The secret to both the 2012 and the 2016/7 turnarounds? Focus on conversions. Test and tweak and try different things focused on turning more website visitors into buyers.

As for thinking about giving up, yeah, sure. In 2012 we were close to selling the company, with me resigning myself to take whatever we could get. The idea bummed me out, and then I realized, “This is my company, with my content. I can make it work. There’s no way I’m going to sell,” and it lit a fire in me. There was a similar moment for me in 2016. The downturn put me in a bit of a funk, and I’d sort of been phoning it in for a couple of years. In mid-2016 though, when I did that analysis, I realized, “Every time I’ve worked on conversions, the business improved.” And it clicked for me that if I just worked on this stuff, I knew I’d figure it out and get the business back. That was very motivating; it became a fun game. See what neat ideas you can come up with to make the site better at presenting and selling things to the reader that our readers will want. Sometimes the lift you see from conversions projects are temporary; you change something and get more sales for a few weeks, then it dies down. But once you’re implementing change after change, and getting lift after lift, it can get motivating and addictive, and suddenly you’re improving a million odds and ends, and some of the lifts those bring will stick.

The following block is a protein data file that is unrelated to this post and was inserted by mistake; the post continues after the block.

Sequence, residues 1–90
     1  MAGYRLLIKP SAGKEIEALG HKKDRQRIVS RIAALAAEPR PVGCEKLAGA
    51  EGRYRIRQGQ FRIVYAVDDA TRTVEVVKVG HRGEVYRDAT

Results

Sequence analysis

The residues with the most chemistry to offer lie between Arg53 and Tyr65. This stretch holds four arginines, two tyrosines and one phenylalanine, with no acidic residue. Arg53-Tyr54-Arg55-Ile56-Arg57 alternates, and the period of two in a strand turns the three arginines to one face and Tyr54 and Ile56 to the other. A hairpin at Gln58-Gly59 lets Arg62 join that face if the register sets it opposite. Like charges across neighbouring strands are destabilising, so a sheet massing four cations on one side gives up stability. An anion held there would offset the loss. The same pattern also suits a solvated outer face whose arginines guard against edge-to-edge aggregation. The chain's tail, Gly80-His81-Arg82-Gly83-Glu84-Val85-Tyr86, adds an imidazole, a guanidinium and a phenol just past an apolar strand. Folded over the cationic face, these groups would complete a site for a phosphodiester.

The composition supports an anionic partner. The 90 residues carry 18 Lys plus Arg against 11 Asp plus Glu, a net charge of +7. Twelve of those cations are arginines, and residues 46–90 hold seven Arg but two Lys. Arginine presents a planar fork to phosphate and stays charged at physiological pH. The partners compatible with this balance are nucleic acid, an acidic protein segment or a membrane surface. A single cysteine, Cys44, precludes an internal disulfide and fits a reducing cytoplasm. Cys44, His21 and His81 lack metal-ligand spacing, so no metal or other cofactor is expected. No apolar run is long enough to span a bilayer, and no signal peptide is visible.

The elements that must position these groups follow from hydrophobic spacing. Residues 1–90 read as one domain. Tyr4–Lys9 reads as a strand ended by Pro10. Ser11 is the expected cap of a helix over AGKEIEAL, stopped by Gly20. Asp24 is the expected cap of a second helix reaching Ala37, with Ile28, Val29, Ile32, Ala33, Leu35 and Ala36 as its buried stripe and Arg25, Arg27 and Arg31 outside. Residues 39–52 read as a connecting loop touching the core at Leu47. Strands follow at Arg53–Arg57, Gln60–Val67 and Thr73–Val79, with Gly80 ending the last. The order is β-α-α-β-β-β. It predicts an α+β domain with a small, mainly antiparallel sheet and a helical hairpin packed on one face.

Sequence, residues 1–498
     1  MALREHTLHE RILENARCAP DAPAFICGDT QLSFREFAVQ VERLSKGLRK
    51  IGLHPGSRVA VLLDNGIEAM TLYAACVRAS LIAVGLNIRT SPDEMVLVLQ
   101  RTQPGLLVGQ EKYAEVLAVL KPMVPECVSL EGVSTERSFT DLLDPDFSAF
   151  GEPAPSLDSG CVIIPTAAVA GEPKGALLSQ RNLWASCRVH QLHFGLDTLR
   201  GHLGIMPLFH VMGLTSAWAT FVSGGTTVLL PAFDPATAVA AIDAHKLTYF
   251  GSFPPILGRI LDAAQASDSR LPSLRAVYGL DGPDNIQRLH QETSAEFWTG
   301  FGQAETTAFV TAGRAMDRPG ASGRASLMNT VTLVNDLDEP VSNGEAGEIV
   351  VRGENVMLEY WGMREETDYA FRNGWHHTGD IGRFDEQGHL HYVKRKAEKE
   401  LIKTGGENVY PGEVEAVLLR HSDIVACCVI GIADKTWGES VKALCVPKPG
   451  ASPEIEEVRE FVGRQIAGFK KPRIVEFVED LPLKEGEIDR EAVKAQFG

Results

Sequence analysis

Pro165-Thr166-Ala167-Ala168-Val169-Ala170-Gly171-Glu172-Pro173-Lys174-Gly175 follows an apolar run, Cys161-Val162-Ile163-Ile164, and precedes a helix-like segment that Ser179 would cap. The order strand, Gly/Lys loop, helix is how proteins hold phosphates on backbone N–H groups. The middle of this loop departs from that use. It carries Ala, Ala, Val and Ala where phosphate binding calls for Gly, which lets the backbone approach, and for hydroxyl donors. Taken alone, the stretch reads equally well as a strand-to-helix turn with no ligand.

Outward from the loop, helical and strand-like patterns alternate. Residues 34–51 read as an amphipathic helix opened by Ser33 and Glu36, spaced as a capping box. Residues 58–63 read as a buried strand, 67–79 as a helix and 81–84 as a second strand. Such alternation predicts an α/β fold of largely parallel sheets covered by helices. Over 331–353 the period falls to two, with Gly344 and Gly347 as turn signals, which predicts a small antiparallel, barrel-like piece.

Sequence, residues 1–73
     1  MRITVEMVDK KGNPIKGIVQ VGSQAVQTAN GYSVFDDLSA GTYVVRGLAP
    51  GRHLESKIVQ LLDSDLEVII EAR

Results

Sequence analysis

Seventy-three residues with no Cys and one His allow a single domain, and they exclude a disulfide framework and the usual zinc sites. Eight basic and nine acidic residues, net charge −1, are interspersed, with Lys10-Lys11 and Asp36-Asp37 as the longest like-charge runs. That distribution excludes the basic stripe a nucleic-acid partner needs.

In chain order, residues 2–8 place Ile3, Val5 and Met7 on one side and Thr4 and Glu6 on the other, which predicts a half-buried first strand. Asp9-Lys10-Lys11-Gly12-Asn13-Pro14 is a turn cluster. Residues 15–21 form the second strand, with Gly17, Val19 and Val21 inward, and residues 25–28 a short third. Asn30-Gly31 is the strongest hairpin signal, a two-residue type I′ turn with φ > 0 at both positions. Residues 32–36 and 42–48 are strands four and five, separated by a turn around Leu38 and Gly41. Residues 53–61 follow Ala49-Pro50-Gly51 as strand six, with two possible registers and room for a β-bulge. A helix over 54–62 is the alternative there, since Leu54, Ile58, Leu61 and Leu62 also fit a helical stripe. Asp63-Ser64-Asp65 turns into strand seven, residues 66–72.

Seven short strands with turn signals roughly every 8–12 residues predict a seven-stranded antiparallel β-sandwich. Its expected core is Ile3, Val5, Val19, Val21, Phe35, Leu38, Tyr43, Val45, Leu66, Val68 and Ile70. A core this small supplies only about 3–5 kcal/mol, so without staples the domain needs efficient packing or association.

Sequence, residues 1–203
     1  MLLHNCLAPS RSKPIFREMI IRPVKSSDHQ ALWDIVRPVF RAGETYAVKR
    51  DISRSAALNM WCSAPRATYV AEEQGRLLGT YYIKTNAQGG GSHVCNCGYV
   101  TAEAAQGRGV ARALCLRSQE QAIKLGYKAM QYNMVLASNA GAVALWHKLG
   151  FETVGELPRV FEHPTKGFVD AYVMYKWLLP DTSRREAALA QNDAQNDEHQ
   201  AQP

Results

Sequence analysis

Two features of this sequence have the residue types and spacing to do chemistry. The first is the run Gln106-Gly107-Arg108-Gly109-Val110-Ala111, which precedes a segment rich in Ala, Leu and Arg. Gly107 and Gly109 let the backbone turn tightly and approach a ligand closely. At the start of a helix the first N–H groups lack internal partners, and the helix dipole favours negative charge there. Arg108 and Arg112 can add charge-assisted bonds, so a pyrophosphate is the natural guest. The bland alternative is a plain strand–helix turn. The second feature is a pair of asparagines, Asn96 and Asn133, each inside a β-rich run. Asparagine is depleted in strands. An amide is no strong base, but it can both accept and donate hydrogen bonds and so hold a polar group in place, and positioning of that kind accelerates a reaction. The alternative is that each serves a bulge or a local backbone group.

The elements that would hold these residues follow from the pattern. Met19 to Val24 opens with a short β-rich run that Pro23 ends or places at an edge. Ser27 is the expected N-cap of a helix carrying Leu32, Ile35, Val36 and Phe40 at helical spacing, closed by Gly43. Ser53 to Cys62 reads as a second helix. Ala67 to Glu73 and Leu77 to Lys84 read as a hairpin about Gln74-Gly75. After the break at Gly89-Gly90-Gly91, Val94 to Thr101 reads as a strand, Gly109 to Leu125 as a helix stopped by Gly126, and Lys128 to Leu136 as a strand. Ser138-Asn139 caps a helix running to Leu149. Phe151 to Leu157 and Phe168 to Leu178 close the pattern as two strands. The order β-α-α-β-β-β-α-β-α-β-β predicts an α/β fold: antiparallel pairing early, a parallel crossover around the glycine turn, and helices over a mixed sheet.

So, how are things going today? How did your grit and resilience lead to your eventual success?

We started building our flagship product “One Date” in 2015. In 2016 I was worried the business would go under before I could have that out. The conversions project we launched in 2016 gave us a very strong base to launch it from, and when we finally launched One Date in February 2018, it was immediately a huge success. We sold almost 400 copies of the product in a 4-day launch sale and did almost as much revenue from that 4-day launch as we had from the entire previous year’s sales. Our revenues in 2018 were 3.5x higher than 2017’s revenues (and 2017 was a high watermark for us). We hit about 55% profit that year, too. 2019 saw higher revenues but lower profits.

I’ll admit though, I got lazy. Things start selling really well, you’re making more money than ever, by a lot, and I had to deal with some personal life issues as well. I paid a lot less attention to the business than I should have through this period, and things I should’ve taken care of I did not take care of. Our banner year in 2018 was due to very little I actually did in 2018, and almost entirely to the hard work I put in from late 2016 to late 2017 paying off.